Michael Bazany was sentenced to 11 years in prison for starting a fire on Nov. 4, 2006, at the Taco Bell restaurant he managed in Brownwood.

Bazany, 39, pleaded guilty to arson Monday in 35th District Court in a plea bargain agreement. Bazany was also charged in the theft of cash and receipts from the restaurant, but that charge was dismissed as part of the plea bargain, court documents show.

The 4:24 a.m. fire damaged the restaurant’s interior, and it remained closed for several weeks for repairs.

Fire investigators determined that the fire had multiple starting points, an indicator of arson, court documents state. Fire Marshal Buddy Preston found the remnants of a 5-gallon kerosene container that contained a liquid Preston “recognized as an accelerant, possibly gasoline.”

Preston also found liquid “believed to be gasoline” in a cash register drawer, and a pair of gloves found under the alarm key “had the smell of an accelerant,” court documents state.

The kerosene container had a tag with a UPC code, and Preston learned from Wal-Mart that the store had sold only one item with that UPC code within the previous 24 hours, court documents state.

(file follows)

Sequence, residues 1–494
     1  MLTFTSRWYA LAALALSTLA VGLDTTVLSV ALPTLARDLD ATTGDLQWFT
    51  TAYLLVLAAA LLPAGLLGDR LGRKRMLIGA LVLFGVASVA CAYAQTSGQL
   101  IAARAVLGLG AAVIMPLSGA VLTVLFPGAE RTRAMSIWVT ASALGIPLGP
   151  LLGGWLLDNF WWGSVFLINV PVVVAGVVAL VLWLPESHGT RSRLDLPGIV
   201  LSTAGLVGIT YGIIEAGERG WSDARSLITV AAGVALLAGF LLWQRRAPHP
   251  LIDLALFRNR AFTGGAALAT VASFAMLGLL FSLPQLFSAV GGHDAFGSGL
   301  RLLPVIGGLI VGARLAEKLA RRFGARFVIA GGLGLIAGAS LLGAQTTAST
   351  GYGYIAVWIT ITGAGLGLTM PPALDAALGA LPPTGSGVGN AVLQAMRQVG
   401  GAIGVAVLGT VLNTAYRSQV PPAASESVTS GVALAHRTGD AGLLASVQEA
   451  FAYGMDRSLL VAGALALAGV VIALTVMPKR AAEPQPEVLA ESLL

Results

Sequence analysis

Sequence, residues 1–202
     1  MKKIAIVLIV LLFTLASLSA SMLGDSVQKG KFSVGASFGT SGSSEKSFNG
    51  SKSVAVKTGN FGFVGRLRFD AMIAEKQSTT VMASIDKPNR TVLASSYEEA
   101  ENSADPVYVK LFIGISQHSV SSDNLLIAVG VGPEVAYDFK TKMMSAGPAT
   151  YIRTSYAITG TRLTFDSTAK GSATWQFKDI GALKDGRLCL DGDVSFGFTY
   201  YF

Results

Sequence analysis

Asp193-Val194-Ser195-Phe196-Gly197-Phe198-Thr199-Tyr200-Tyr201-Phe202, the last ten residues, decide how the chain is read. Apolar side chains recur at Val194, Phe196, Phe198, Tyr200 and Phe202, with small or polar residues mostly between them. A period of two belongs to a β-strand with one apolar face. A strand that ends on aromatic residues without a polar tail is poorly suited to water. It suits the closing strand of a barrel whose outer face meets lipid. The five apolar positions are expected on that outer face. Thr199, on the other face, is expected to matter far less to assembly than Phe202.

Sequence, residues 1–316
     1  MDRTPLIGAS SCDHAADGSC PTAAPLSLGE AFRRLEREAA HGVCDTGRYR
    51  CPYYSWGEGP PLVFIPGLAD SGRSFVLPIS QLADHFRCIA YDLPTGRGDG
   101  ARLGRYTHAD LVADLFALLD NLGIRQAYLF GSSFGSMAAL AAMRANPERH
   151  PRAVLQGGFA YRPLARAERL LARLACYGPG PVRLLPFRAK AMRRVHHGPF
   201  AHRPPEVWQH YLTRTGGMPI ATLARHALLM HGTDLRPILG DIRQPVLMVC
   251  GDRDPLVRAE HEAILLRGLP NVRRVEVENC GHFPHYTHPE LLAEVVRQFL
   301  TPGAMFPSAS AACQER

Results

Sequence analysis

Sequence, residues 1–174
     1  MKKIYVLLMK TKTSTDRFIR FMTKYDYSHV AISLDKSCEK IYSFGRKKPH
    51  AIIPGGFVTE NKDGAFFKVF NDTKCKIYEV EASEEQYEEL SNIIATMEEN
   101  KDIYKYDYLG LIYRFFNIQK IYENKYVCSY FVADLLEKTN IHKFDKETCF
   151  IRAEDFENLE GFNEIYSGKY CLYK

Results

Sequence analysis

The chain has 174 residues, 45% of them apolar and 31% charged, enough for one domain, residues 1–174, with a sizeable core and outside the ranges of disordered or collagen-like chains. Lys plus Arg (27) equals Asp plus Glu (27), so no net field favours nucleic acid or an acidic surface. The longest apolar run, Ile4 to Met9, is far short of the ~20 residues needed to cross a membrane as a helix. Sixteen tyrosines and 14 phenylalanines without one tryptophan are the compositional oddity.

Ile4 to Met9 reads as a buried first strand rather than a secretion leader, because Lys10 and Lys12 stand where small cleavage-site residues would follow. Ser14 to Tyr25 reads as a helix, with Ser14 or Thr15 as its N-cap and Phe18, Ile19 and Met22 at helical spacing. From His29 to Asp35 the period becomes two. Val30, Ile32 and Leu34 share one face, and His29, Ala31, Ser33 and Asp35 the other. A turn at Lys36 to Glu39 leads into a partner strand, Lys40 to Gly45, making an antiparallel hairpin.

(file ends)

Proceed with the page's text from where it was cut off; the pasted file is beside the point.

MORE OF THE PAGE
Security video from the register where the purchase was made showed Bazany buying the kerosene container at 3:42 a.m. on Nov. 4, court documents state.

Preston also learned that a man wearing the same type of clothing as Bazany bought gasoline at a nearby Allsup’s store at 3:57 a.m. on Nov. 4, court documents state.

Bazany told Preston he had closed the restaurant and when he drove by later, he saw that lights normally left on were off, court documents state. Bazany said he went in the restaurant to turn on the lights. As he entered the kitchen area, holding the door open with his left arm and setting the alarm pad with his right hand, there was a fire flash, Bazany told Preston.

Bazany’s 1998 Chevrolet pickup remained parked at Taco Bell after the fire. An insurance investigator opened the truck’s unlocked door, looking for a set of keys to the restaurant’s breaker box so he could check out the electrical panel, which is standard procedure, court documents state.

The insurance investigator found a case with $4,406 in Taco Bell cash and receipts. They were part of the restaurant’s daily receipts and should have been in the restaurant’s safe, court documents state.